There are a lot of websites that revolve around remembering the dead. For instance, Tributes is a site where you can search obituaries and make a tribute to your lost loved one; they say '60-seconds is all it takes to create your FREE tribute'. Similarly, Respectance is an online service where you can create a memorial profile and share photos and stories about the deceased. Respectance does not only function as a memorial website, it is also a place for social networking. Users can invite family and friends to become members, so they can leave comments and add memories to the profile and mourn the dead in a community setting. MyDeathSpace is also a kind of community website (unaffiliated with MySpace), where you can sign up and submit obituaries and news articles on deaths of MySpace members, as well as log into the forum and discuss specific deaths with other users.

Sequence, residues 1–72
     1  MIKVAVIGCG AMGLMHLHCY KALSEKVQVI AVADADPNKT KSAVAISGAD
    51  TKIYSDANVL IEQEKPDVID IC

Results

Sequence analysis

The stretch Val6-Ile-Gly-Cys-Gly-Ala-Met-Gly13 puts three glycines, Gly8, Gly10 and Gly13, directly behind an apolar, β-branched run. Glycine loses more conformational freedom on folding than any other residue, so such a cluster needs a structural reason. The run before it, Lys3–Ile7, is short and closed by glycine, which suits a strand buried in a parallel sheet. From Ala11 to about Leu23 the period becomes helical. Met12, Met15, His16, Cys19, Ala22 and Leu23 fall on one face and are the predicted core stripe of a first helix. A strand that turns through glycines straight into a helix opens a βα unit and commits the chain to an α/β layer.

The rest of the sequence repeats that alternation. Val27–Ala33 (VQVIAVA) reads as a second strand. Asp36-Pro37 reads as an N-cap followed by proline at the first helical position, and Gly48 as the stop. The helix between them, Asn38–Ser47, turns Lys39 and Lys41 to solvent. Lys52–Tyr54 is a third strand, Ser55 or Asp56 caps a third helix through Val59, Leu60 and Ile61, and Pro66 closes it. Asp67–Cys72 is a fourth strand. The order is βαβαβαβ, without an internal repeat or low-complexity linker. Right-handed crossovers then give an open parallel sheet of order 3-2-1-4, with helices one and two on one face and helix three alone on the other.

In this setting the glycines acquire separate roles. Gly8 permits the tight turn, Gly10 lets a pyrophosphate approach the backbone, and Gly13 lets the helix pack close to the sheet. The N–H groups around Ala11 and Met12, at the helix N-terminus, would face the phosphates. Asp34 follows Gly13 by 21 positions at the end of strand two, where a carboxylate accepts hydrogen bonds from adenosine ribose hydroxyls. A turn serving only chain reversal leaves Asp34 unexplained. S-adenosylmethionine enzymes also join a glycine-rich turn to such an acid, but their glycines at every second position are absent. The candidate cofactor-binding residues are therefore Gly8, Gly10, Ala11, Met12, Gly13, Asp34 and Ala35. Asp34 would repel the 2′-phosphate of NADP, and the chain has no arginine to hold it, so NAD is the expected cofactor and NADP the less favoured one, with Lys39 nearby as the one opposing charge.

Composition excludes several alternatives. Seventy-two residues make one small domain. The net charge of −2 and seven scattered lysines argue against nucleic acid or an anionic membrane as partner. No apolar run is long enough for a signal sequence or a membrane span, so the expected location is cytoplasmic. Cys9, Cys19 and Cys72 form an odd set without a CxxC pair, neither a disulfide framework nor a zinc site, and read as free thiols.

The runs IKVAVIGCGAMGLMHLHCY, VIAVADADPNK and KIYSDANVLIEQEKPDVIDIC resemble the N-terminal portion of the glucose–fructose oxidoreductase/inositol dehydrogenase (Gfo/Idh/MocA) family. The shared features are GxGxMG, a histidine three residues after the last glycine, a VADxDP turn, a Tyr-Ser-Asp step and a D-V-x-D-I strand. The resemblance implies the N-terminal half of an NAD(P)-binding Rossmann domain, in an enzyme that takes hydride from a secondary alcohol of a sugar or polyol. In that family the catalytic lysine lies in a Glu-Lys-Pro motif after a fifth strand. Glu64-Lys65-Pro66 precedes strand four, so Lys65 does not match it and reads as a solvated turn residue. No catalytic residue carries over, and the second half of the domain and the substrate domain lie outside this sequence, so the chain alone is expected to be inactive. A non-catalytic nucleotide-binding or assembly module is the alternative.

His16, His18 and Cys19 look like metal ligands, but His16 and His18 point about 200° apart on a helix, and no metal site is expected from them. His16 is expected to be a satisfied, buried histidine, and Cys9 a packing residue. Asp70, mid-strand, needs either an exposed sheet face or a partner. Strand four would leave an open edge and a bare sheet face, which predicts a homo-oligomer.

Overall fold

Besides the possibility to create a profile for a deceased friend or family member, it is also an option to make your own memorial website in advance. At Mylastemail you can create an an online memorial with photographs, a farewell video and a testament. After your death, your family and friends can gain access to your profile, but it is not available to your online contacts. At Electronic Time Capsule, you can make a 'time capsule' with stories, memories and pictures, that is released to your contact list at the time of your choice. This kind of service is the closest you can get to communicating from beyond the grave with your online friends.
Or is it? The Dutch artist collective Pips:Lab created a theater/media/art performance around the idea of social networking for the dead. During a theater show Pips:Lab asked the audience to sign up for their service, with the aim of continuing communication with each other after death. Pips:Lab also 'uploaded souls' to their website. The actual website, called Diespace, is presented as 'the first interactive internet community for people who have passed away'.